Was Thomas Jefferson on to something when he quipped, “A strong body makes the mind strong?” It appears so, according to a study of nearly 5,000 British teens. Researchers tracked physical activity and standardized test performance at ages 11, 13 and 16. Overall, kids who were more active achieved higher test scores in English, math and science.
Interestingly, as parents, educators and policymakers lament the lack of women in science, the results indicated a strong link between physical activity and science scores for girls.
The researchers, whose study was published in the British Journal of Sports Medicine, aren’t sure why kids who spent more time sweating outperformed their couch potato peers on academic measures, but suggested that physical activity might increase time on task and curb problem behavior in the classroom.
Kathryn Ackerman, MD, MPH, co-director of the Female Athlete Program at Boston Children’s Hospital’s Sports Medicine Division, adds another possibility: The structure of sports carries over into other aspects of kids’ lives. Athletic discipline makes for academic discipline.
Many schools also hold student athletes accountable with grade-point average or attendance requirements, so in many cases a desire to remain on the field requires a certain amount of time hitting the books.
The link between physical activity and science scores for girls puzzled the researchers, who acknowledged the result may reflect a chance finding. Another possibility is that physical activity may affect girls’ and boys’ brains differently, according to the researchers. Ackerman adds that it’s possible that the added self-confidence girls experience with sports activity carries into the science classroom as well, where girls have historically been less encouraged to excel than boys.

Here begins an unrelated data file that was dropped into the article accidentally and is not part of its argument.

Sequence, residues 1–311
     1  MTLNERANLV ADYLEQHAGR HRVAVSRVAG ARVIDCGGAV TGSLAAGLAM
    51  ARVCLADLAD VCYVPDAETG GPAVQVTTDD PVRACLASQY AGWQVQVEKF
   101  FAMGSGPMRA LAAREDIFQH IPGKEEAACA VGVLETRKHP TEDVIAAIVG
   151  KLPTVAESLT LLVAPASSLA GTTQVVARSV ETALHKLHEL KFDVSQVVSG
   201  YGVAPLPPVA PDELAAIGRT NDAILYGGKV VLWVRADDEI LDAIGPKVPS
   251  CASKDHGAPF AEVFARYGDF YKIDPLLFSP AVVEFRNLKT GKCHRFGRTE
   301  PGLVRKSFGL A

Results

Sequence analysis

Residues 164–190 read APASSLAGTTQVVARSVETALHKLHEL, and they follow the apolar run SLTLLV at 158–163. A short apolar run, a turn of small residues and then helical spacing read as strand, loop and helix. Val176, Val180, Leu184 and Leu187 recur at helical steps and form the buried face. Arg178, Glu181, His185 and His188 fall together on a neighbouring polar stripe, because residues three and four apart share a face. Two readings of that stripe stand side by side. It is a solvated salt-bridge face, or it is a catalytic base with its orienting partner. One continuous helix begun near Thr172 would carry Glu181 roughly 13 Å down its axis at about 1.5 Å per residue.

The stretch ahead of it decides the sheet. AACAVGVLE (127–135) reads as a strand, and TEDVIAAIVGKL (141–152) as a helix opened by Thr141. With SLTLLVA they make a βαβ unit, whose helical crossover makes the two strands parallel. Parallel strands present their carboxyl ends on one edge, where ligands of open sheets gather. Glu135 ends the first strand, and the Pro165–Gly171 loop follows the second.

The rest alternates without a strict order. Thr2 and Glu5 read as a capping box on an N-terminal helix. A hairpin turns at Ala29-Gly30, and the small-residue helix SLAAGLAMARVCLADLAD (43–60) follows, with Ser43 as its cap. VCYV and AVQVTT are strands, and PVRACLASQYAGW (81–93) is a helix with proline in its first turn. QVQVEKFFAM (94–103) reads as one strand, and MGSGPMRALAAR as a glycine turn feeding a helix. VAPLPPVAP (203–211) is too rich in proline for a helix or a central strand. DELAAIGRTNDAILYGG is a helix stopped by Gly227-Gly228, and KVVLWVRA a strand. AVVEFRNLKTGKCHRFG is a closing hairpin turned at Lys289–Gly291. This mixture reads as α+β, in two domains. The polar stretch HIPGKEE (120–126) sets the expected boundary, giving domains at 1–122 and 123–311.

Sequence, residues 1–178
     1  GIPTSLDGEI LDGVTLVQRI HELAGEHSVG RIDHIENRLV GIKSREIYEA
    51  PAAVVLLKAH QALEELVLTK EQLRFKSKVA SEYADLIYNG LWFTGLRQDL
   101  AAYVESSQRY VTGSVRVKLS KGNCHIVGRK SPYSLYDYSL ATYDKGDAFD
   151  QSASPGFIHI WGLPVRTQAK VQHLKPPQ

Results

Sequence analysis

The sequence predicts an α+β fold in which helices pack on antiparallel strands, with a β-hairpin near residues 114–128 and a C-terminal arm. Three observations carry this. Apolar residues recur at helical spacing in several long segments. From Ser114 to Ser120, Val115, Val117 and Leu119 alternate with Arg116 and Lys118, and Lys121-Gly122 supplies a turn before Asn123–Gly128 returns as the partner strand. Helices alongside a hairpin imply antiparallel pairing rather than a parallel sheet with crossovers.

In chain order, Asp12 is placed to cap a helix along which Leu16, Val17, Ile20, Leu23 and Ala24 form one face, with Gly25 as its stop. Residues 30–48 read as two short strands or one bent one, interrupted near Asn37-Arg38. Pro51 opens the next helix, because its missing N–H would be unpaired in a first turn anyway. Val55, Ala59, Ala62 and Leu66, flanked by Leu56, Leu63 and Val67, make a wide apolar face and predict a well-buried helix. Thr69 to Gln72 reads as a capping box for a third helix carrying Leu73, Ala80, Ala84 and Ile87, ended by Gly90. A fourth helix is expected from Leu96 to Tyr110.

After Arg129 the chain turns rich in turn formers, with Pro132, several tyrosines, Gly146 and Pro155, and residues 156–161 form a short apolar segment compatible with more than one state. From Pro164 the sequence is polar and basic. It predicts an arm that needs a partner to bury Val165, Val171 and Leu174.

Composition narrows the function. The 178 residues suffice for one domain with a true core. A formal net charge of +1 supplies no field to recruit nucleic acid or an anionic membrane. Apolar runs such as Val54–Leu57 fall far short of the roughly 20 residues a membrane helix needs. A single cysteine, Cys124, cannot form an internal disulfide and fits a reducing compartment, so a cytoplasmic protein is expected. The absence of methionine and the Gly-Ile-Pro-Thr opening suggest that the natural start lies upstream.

An open field
The researchers noted a physical activity “dose effect,” with kids who engaged in more moderate-to-vigorous activity performing better on standardized tests. Getting the heart rate up is key, says Ackerman.
But how kids rev their cardiovascular engines is an open field. Some kids may thrive in school-organized team sports. However, late bloomers who didn’t begin organized sports at a young age may be reluctant to join a new team in middle school.
These kids need not shy away from team play, says Ackerman. “There are plenty of activities that kids can excel at even if they start later.” Other youth prefer family-based activities like skiing, biking or classes at the local YMCA.
In fact, casual multi-sport athletes may be on to a healthier game plan. Forcing kids into specialized sports too early can backfire with early burnout or lead to injury.
“The model we grew up with—more unstructured, fun and diverse free play—may be healthier for kids and saner for families,” continues Ackerman. “Giving kids a chance to try an array of activities allows them to develop different skills, gain confidence and stay motivated. While some children eventually may want to specialize to excel at one sport, others may enjoy the opportunity to participate in multiple activities throughout their lives.”
Although it’s never too late for a child (or parent) to try a new activity, safety should come first. Ackerman emphasizes injury prevention with cross-training that focuses on flexibility, muscle balance and core strength. Overall, it’s good to have a variety of physical challenges and to check in with a provider who can assess injury risk, she says.
To learn more about preventing athletic injuries, click here to access our series of sport-specific guides.